By Thomas Strickland, Associate, Structured Products
It has been nearly a decade since the onset of the credit crisis, when the thought of putting cash under the mattress seemed to be a rational decision. As the world descended into financial crisis in 2008 there was no shortage of depositors and investors who had their fingers burned.
Today, concerns around holding cash are less about safety and security, and more focused on the risk its real value erodes over time. Interest rates in the developed world are at such low levels that many people are questioning the value of a short-term deposit strategy, given it exposes cash to the risk of losing purchasing power as inflationary pressures bite.
The chart above shows how cash has lost value in real terms over the past 10 years. If £10,000 was invested at the Bank of England base rate on 1 January 2007, its value would have risen to £11,499 in nominal terms by 1 January 2017. But the effects of inflation will have reduced its purchasing power to just £9,090 in today’s money over the same period.
This trend looks set to continue for the foreseeable future as market indicators currently suggest inflation will remain elevated and interest rates will stay lower for longer. For many investors, the alternative to holding deposits in the current climate is to put it to work in equity markets. But doing so comes with its own set of risks.
A direct outcome of the era of monetary easing witnessed since the financial crisis is a prolonged stock market bull run that shows little sign of abating. Many investors have made attractive investment returns; however, not everyone has the appetite for equity risk no matter the circumstances.
With that in mind, what options do you have if you want to look beyond equity investments?
Alternative strategies for cash
Investors have several options at their disposal for investing their cash. For those who require access at the press of a button, the bank deposit account remains the clear winner even if it erodes purchasing power.
For those who do not need immediate access and are willing to adopt a longer-term strategy, there is the potential for earning an enhanced yield through one or more different cash management solutions.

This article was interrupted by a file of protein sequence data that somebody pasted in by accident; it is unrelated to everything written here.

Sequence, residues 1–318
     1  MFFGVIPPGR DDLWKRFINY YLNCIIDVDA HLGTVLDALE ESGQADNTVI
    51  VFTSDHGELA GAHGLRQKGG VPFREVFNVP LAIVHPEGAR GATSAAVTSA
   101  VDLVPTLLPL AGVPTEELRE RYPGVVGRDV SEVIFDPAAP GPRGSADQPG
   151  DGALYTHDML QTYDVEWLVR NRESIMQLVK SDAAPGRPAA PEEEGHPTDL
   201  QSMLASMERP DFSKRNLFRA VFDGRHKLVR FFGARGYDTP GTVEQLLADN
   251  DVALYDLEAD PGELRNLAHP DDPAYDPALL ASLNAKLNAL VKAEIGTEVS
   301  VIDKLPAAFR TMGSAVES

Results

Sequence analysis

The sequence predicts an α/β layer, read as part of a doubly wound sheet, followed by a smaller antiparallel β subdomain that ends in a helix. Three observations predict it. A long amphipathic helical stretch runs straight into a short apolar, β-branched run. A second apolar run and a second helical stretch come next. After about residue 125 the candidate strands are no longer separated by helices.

Potential solutions might include:
- An increased investment term – exploring a longer time horizon for at least a portion of the cash, the portion for tomorrow not today.
- Corporate bonds – headline yields to maturity have suffered in the low interest rate environment. But an active manager can source opportunities to diversify and enhance returns in a variety of ways.
- Foreign exchange strategies – currency markets are highly active and interest rate differentials both now and in the future can have an impact not only on currency movements but also the returns available from investments in a particular currency.
- Esoteric solutions – such as structured products and actively managed funds – can take advantage of the liquidity premium available to enhance returns.
There is also the option of considering a smart integrated solution using the above tools. This could not only add a much needed boost to returns, but also develop a strategy designed to withstand changing market conditions over time.
Interest rates to remain low
We know that holding cash on deposit has done little to preserve wealth in real terms for much of the past decade. For the reasons already mentioned, this theme is likely to continue for the foreseeable future.
More recently, economic conditions in many developed markets have shown improvement. The problem for savers is that the process of returning interest rates to normal levels will be slow and gradual.
In the U.S., the Federal Reserve has begun gradually raising interest rates. But in the UK, the upcoming Brexit negotiations and a weaker economic outlook could see interest rates stay lower for longer. The eurozone, meanwhile, has seen actual negative interest rates for some time and, while economic conditions have improved, the next upward move in interest rates is not yet on the agenda.
Inflation continues to outpace income on cash, so whatever the optimal solution may be, the starting point is to consider liquidity needs, opportunity cost, risk appetite and the potential for capital value erosion.
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